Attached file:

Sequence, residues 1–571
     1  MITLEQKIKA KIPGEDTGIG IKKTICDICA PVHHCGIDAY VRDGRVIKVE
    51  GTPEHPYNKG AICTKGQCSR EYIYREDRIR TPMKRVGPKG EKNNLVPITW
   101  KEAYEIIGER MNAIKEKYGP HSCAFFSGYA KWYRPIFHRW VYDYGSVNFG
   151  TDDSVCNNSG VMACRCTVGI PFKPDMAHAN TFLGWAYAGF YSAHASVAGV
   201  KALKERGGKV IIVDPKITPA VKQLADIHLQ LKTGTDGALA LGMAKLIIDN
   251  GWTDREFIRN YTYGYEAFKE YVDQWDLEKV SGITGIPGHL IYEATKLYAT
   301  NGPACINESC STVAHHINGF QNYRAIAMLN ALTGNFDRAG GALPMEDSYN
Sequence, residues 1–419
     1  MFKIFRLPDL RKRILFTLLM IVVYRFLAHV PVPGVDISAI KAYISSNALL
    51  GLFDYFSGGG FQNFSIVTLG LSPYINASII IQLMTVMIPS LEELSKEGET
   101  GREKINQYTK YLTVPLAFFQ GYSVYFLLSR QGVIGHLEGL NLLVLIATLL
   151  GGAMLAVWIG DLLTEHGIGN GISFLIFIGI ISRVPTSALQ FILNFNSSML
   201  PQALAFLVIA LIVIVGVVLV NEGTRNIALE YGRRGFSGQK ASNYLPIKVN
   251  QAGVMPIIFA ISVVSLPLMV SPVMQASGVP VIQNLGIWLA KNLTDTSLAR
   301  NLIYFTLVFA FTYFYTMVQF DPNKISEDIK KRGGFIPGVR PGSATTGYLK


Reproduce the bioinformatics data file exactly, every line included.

Sequence, residues 1–571
     1  MITLEQKIKA KIPGEDTGIG IKKTICDICA PVHHCGIDAY VRDGRVIKVE
    51  GTPEHPYNKG AICTKGQCSR EYIYREDRIR TPMKRVGPKG EKNNLVPITW
   101  KEAYEIIGER MNAIKEKYGP HSCAFFSGYA KWYRPIFHRW VYDYGSVNFG
   151  TDDSVCNNSG VMACRCTVGI PFKPDMAHAN TFLGWAYAGF YSAHASVAGV
   201  KALKERGGKV IIVDPKITPA VKQLADIHLQ LKTGTDGALA LGMAKLIIDN
   251  GWTDREFIRN YTYGYEAFKE YVDQWDLEKV SGITGIPGHL IYEATKLYAT
   301  NGPACINESC STVAHHINGF QNYRAIAMLN ALTGNFDRAG GALPMEDSYN
Sequence, residues 1–419
     1  MFKIFRLPDL RKRILFTLLM IVVYRFLAHV PVPGVDISAI KAYISSNALL
    51  GLFDYFSGGG FQNFSIVTLG LSPYINASII IQLMTVMIPS LEELSKEGET
   101  GREKINQYTK YLTVPLAFFQ GYSVYFLLSR QGVIGHLEGL NLLVLIATLL
   151  GGAMLAVWIG DLLTEHGIGN GISFLIFIGI ISRVPTSALQ FILNFNSSML
   201  PQALAFLVIA LIVIVGVVLV NEGTRNIALE YGRRGFSGQK ASNYLPIKVN
   251  QAGVMPIIFA ISVVSLPLMV SPVMQASGVP VIQNLGIWLA KNLTDTSLAR
   301  NLIYFTLVFA FTYFYTMVQF DPNKISEDIK KRGGFIPGVR PGSATTGYLK